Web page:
SALT LAKE CITY, Feb. 11, 2011 /PRNewswire/ -- Alliant Techsystems (NYSE: ATK) Aerospace Systems was honored to be selected as recipient of NASA's George M. Low 2010 award for its quality and performance on multiple NASA contracts. This selection makes the fourth time the company has been chosen for this prestigious award.
The George M. Low Award is NASA's premier quality and performance award for its prime and subcontractors. This award program recognizes large and small businesses that demonstrate excellence and outstanding technical and managerial achievements in quality and performance on NASA-related contracts or subcontracts.
"It is an honor to be recognized for our quality, innovation and performance on the work we do for NASA," said Charlie Precourt, vice president and general manager, Space Launch Systems, ATK Aerospace Systems. "It is a tremendous confirmation to our workforce of their dedication to ensuring success, even during challenging times."
ATK's NASA programs include space shuttle solid rocket boosters and booster separation motors, Ares I first stage, Orion launch abort system's abort motor, and attitude control solid rocket motors, optical structures for the James Webb Space Telescope, Orion's UltraFlex solar arrays, and International Space Station structures, among others.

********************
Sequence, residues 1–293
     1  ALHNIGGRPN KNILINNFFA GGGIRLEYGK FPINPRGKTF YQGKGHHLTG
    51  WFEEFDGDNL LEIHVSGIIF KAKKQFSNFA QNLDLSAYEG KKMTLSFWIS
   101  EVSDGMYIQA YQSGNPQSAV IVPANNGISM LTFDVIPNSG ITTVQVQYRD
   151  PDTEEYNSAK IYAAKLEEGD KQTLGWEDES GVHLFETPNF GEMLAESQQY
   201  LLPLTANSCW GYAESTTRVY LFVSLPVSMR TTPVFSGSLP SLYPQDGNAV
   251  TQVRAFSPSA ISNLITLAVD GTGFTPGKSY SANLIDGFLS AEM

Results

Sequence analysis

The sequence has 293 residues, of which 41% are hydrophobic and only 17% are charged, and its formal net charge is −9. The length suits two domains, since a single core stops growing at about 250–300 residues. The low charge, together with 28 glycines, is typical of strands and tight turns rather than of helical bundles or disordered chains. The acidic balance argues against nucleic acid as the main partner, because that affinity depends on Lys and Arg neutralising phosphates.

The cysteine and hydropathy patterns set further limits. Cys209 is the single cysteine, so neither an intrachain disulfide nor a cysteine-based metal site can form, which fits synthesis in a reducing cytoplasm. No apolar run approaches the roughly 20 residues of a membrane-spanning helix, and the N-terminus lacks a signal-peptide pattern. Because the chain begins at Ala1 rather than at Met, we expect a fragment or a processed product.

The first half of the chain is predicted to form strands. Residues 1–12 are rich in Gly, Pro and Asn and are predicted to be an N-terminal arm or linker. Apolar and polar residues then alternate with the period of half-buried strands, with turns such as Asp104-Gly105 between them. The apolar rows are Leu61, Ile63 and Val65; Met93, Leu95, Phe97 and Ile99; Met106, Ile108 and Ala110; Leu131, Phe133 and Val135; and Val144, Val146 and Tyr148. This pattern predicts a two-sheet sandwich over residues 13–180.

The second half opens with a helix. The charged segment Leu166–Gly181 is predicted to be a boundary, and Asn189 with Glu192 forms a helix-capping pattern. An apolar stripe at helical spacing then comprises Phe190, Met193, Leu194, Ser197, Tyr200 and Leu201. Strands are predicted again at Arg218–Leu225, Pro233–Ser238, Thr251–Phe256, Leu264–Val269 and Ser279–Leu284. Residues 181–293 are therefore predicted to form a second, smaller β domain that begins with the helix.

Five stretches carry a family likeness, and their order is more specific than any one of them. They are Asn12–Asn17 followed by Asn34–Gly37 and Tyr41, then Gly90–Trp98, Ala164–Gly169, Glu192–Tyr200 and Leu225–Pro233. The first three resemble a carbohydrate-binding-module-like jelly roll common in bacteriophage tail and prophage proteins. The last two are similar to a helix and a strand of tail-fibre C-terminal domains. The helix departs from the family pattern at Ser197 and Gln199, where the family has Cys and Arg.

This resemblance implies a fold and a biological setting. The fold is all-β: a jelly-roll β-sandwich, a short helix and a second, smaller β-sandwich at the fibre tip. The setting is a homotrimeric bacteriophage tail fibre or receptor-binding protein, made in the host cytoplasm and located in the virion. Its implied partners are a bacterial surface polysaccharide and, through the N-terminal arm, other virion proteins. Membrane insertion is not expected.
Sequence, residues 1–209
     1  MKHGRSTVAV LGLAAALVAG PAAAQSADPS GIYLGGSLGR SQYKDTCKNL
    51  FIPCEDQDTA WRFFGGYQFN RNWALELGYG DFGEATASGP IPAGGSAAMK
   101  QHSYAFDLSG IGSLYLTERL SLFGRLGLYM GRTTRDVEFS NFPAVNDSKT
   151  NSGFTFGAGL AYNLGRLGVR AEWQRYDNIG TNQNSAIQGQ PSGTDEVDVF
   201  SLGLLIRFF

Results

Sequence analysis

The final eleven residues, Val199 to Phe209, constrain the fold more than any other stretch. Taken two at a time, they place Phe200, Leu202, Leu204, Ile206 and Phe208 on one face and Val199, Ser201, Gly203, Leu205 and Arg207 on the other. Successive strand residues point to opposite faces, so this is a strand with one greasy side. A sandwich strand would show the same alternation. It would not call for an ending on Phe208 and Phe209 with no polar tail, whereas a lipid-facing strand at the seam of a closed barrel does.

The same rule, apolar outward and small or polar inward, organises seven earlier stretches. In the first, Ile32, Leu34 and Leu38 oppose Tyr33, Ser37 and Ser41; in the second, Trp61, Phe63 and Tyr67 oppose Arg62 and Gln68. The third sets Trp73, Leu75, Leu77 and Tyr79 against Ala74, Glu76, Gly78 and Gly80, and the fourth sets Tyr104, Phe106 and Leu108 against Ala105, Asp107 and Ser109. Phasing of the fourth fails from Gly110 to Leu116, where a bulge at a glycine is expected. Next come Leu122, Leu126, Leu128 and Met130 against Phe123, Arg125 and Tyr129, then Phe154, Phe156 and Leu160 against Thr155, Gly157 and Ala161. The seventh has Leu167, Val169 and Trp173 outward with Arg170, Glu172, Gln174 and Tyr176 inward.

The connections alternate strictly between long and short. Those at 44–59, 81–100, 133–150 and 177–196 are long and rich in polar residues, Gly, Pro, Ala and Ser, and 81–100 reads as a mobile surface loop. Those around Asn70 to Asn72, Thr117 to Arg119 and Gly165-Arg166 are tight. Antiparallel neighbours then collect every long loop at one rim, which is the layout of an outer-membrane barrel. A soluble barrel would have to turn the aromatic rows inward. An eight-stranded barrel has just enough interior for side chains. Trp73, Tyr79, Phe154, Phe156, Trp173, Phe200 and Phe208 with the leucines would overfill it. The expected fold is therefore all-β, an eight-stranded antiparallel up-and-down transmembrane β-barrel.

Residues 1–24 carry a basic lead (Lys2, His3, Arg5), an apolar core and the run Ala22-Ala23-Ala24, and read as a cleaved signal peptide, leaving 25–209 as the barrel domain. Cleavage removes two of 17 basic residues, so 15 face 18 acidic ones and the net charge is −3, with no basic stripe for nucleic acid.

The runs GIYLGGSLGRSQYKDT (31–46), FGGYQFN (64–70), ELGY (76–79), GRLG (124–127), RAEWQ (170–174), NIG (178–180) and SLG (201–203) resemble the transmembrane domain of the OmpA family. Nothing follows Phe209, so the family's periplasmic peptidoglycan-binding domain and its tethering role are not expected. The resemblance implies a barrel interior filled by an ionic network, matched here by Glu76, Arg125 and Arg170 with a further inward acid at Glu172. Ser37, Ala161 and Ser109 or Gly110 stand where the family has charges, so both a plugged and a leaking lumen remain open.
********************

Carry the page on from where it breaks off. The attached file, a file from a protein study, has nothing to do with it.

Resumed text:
Space shuttle program
Over a three-year period ATK performed five full-scale ground tests, cast 15 million pounds of propellant, and delivered 14 flight sets all on schedule and within budget, while ensuring safe operations.
Ares I first stage program
As the prime for Ares I first stage, ATK is the complete stage integrator, which includes responsibility for human space flight first stage avionics and control systems, recovery systems, stage separation systems, pyrotechnic systems and large structural assemblies. The five-segment design was accomplished in 11 months, with 10 successful parachute recovery system tests and 11 ground tests of motors, igniters and stage separation systems were successfully performed including two full-scale five-segment tests. The company also served as the prime for the first stage of the Ares I-X test flight which successfully launched October 28, 2009.
Ares I Avionics
As part of this program, the company developed an innovative engineering development lab that enabled early risk reduction on the program as well as detection of system integration issues. In three years ATK was able to take a human-rated avionics subsystem from concept of design all the way through subsystem level testing.
Orion Launch Abort System (LAS) Abort Motor
ATK produced an innovative high-thrust (~400K lbf), turn-flow motor to serve as the main abort propulsion for the LAS. The program successfully completed development with five subscale turn-flow static tests, an open-air igniter static test and one full-scale ground static firing demonstrating the new solid rocket motor concept and validating performance models. These tests culminated in the highly successful Pad Abort-1 flight test, all while executing within performance, cost and schedule requirements.